16. Hyaku

    Hyaku Master of Nothing

    Well they cut well. But they are usually a factory produced peice of metal.
    Strip in down and you will find a sakura stamp on the tang (part of the sword in the hilt).

    Some people did take family heirlooms that were put into military mounts.
    Its worth checking to see how its marked. You could have something of value if its in good condition.
  17. mai tai

    mai tai Valued Member

    very interesting, i always thought it was a good sword cause i figured that the japanese. with there strong warrior traditon, would not put out anything but fuctional swords.

    i saw on the discovery channel how these swords were handed down from samari days and i always figured it to be the same.

    when i thought it was a family heirloom i considered finding the family and giving it back. however i disalowed that grandfather picked it up from an officer he killed, any real warror would want it that way. that how i would want it.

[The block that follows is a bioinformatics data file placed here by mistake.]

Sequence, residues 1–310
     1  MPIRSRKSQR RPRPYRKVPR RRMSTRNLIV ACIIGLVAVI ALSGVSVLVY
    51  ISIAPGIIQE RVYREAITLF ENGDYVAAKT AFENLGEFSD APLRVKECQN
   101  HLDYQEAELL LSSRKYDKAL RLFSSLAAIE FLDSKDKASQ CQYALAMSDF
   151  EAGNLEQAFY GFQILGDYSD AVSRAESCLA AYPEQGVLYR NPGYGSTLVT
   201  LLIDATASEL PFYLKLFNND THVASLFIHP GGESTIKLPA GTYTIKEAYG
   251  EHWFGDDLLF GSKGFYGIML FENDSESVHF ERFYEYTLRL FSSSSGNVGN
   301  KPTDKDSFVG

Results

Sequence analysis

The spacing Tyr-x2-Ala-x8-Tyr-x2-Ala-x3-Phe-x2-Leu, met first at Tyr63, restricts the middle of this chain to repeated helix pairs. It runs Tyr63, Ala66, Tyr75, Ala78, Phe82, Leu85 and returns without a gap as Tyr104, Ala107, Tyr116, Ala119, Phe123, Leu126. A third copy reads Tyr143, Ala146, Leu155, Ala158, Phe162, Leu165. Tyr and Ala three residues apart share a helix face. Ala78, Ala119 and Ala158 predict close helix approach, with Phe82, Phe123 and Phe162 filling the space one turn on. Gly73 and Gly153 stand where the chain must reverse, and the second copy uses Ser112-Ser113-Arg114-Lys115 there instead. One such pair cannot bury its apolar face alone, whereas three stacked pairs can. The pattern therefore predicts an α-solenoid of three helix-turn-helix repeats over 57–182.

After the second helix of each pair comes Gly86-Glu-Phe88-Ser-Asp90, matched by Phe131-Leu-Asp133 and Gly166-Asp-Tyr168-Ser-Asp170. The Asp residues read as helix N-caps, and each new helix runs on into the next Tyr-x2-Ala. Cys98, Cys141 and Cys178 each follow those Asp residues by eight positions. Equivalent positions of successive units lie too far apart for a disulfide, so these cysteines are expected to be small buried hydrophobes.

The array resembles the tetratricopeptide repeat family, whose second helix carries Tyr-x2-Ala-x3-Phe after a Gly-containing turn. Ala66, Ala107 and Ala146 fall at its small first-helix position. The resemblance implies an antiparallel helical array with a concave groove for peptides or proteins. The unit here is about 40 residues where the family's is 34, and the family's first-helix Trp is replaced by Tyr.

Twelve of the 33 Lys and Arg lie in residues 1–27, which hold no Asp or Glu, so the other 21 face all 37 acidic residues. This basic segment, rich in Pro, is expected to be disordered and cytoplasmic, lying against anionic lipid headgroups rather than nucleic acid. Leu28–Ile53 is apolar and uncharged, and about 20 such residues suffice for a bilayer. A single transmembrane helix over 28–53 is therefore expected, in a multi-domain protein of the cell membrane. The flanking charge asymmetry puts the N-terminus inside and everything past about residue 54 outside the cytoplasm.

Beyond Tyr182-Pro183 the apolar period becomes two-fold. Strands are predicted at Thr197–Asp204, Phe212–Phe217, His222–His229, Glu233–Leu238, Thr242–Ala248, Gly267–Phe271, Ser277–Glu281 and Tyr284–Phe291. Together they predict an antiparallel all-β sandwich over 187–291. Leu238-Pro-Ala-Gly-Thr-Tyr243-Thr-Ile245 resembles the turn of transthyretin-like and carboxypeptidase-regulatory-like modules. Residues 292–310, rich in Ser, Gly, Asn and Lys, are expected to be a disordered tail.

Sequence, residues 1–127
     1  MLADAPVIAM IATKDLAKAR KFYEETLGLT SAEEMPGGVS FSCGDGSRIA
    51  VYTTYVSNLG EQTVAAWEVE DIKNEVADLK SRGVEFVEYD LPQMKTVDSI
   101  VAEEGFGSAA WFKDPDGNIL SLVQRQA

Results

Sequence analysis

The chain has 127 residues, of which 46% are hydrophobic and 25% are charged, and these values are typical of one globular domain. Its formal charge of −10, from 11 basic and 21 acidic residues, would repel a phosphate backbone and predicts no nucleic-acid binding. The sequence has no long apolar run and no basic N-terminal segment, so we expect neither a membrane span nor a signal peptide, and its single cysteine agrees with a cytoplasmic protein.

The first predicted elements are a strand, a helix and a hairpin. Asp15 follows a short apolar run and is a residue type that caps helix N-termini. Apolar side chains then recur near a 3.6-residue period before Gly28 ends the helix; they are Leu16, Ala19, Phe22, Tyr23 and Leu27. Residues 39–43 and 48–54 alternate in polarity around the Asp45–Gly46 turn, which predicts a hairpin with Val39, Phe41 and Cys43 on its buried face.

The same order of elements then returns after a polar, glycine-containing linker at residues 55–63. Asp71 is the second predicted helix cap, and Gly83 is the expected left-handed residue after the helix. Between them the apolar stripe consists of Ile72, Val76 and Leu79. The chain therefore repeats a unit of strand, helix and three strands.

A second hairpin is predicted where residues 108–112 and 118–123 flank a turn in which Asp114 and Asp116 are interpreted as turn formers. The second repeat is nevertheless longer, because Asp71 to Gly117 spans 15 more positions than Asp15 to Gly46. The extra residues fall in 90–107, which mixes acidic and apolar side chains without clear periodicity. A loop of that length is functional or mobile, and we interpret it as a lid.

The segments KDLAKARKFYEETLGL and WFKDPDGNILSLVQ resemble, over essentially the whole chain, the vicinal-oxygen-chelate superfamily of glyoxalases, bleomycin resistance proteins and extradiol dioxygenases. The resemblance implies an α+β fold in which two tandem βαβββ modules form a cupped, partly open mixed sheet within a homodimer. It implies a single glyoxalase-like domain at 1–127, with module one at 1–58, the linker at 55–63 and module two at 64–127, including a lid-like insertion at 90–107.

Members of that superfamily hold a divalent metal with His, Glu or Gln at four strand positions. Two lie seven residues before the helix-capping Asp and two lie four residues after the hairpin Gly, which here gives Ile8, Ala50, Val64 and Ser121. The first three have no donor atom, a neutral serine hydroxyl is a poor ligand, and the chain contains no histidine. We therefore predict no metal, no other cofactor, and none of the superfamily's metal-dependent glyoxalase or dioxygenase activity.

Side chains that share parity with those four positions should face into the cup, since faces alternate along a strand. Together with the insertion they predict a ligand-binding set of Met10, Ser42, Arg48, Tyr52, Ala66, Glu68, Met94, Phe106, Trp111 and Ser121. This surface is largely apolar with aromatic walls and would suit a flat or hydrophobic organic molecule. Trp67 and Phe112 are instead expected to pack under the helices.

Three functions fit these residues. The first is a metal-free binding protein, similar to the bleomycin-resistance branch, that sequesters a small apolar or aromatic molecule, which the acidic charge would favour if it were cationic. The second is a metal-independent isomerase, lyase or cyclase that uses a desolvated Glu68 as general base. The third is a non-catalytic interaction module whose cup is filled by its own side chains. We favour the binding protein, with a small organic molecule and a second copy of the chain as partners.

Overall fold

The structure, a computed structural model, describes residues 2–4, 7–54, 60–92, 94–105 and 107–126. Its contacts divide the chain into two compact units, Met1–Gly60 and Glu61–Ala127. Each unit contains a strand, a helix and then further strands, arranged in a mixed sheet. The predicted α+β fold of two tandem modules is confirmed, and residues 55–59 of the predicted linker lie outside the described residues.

i dont care if its valuable or not.

    its valuable to me
  18. Arikuni

    Arikuni New Member

    stainless steel blades are an insult to the art of kenjutsu and of japanese swordmaking for that matter i cannot afford a real sword but to practice iajutsu i purchased a bokken with a sheath
  19. Kagebushi

    Kagebushi New Member

    most iaitou i've seen are stainless. nothing wrong with using it, it's just rare to find one of any real quality... and then theyre still nowhere near a high-carbon forged blade.

    by the way, is your sheath plastic?
    Last edited: Jul 13, 2005
  20. Cudgel

    Cudgel The name says it all

    Wrong. Most Iaito are made of a aluminum zinc alloy. Stainless steels are innaproiate for use in any kind of sword that does more than hang on your wall, ie if its going to be swung or cut with.
    Also sword blades are NOT made of a high carbon steel, knife blades and cutting tools are but not swords.